In the example of FIGS. 3A and 3B, there are three watertight softkeys 322, 324, and 326. One of the keys 326 is a mode key that allows selection of keywords, as described further below. A second key 324 is a call/answer key that can be used to initiate and outgoing call, answer an incoming call, and terminate a current call or a non-answer call. The third key 322 is a power key and turns the telephone on and off.
  • [0048]
    The indicator light 318 can be a light emitting diode (LED). In one embodiment, the LED will show one color, such as red, when the telephone is turned on for the first time. After activation the LED will turn to a different color, such as green. The LED will show green for approximately 5 seconds after the phone is subsequently turned on. The LED can also flash a color, such as red, indicating an incoming call. If the telephone is set to silent mode, the flashing LED may be the only indication of the incoming call.
  • [0049]
    In one embodiment, the functions of the telephone can be limited to only supporting voice communications. Limiting the types of operations that the telephone can support simplifies the components required and can decrease the number, and size, of the components of the telephone. Limiting the size of the components supports reducing the overall size of the telephone. In one embodiment, the size of the telephone 10 can be selected to be approximately the size of a credit card or phone card. By encapsulating the components of the telephone, the telephone is ruggedized and able to withstand some level of abuse and tough handlings. For example, the telephone can be sized to be about the size of a credit card and a user can carry the telephone in their wallet or pocket.
  • [0050]
    In one embodiment, components that make up the telephone are mounted to a metal plate, such as a steel plate. The metal plate can operate as a heat sink for the components. In one embodiment, the components and the metal plate are encapsulated in a homogenous body. In one embodiment, the body includes a front and a back surface that are laser welded together. In another embodiment, epoxy can be used to bond the front and back surface together. The body can injected with a filler material or gel to fill any voids the in the body. In one embodiment, the body is filled with a buoyant material so that the telephone will float. The encapsulated body can provide mechanical support to prevent, or minimize, component motion due to shock or vibration. The mechanical properties of the encapsulation can improve the survivability of the telephone. In another embodiment, the encapsulation can be made of a buoyant material so that the telephone will float. In addition, the encapsulation can provide a watertight barrier to prevent water from entering the telephone and thereby be waterproof.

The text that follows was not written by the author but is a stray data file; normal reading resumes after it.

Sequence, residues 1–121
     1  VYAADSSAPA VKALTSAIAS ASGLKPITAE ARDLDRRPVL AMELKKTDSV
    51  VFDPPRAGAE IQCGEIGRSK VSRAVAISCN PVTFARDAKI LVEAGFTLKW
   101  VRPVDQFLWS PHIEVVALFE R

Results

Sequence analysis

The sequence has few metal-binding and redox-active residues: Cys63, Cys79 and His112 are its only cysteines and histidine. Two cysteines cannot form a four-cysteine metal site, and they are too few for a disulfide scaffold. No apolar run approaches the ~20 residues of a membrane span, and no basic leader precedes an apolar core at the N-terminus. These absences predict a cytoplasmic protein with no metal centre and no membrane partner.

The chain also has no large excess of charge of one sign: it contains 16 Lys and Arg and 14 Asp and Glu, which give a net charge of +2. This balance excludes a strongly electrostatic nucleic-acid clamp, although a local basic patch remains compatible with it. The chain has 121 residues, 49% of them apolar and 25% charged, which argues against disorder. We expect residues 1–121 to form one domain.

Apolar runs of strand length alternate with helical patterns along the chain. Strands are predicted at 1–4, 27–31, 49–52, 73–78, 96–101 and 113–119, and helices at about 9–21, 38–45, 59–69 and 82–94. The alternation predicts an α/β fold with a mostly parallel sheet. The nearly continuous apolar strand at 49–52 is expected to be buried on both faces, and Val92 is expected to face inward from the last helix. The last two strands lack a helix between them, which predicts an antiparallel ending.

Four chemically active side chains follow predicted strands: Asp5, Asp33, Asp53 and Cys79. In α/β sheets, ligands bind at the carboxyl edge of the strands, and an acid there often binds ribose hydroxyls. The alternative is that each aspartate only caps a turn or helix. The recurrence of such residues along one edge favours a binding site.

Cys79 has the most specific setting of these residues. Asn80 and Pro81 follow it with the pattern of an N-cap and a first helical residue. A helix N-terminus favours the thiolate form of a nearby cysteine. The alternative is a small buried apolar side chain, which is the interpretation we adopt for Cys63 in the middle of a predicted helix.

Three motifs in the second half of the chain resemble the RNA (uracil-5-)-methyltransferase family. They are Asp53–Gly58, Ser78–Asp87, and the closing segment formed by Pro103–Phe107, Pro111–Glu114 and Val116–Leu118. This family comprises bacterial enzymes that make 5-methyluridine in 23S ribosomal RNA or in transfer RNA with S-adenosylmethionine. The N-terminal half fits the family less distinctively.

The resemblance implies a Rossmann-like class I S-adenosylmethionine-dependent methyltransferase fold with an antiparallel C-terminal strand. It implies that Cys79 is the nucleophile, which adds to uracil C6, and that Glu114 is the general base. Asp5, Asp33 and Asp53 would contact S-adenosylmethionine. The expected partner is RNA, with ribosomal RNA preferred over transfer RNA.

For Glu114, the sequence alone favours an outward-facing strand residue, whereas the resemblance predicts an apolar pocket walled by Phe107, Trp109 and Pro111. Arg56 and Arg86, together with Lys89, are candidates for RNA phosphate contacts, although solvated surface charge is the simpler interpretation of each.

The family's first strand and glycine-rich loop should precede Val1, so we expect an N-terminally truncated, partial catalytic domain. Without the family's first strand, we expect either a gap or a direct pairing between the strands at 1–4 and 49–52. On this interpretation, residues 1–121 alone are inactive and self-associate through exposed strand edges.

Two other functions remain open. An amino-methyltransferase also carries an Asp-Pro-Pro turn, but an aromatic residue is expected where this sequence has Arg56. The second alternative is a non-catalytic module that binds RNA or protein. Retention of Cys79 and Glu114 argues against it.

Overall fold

• [0051]
    FIG. 4 is a block diagram of an example embodiment of a cellular or wireless telephone 100, such as the telephone of FIGS. 3A and 3B. As shown in FIG. 4, the telephone 100 includes a control chip and other chips, referred to as a chipset, 410. The chip set can be a single electronic integrated circuit (IC) or multiple ICs that cooperate to perform electronic functions of the telephone 100. For example, the chipset 410 can include circuits that control operation of the phone, provide RF transmit and receive operations, interface with a user, and other functions. The chipset 410 can interface and cooperate with a microphone 316 and a speaker 314, which can be separate components or combined into a single unit. The chipset 410 can also include a voice recognition module so that the telephone can be voice activated. In one embodiment, a voice recognition module is ported to a control chip. For example, the voice recognition module may include software, or firmware, or both, that controls operation of the control chip to implement voice recognition functions. In another example, the voice recognition module can include software, or firmware, or both that are installed into a memory module and the control chip access the memory module to implement voice recognition functions. In still another example, the voice recognition module can include hardware that cooperates with the control chip to implement voice recognition functions. Using voice recognition can simplify the operation of the telephone 100 and help to reduce the size of the telephone 100 by reducing or eliminating a number of keys in a keypad or keyboard of the telephone.
  • [0052]
    For example, the voice recognition module can be ported to the control chip and used to control operation of the telephone 100. For example, the voice recognition module can be used to select a telephone number from a set of predetermined telephone numbers. In one embodiment, a predetermined telephone number can be associated with, for example, a reference number of word, a persons name, such as Bob or Tom, or a location such as home or office, or other word that a user associates with the predetermined number. In another embodiment, the user can dial a telephone number by speaking the numbers into the speaker.
  • [0053]
    The chipset 410 can also interface to a display 320. For example, the display 320 can provide visual information to a user. In one embodiment, the display 320 comprises an alphanumeric display, or a graphical display. The chipset 410 can also interface to a indicator light or LED 318.
  • [0054]
    The chipset 410 also includes radio frequency (RF) circuitry to transmit and receive radio frequency signals via an antenna 414. In one embodiment, the antenna 414 transmits and receives RF signals to a cellular base station. The telephone 100 also includes a power key, or switch, 322. The power key 322 provides power to the chipset 410 and other components in the telephone 100. In one embodiment, the power key 322 provides power from a battery 416 to the chipset 410 and other components in the telephone 100. In one embodiment, the battery 416 is included in the telephone 100. In another embodiment, the battery 416 is external to the telephone 100 and the power from the battery is provided the power key 322 via a connector in the telephone 100.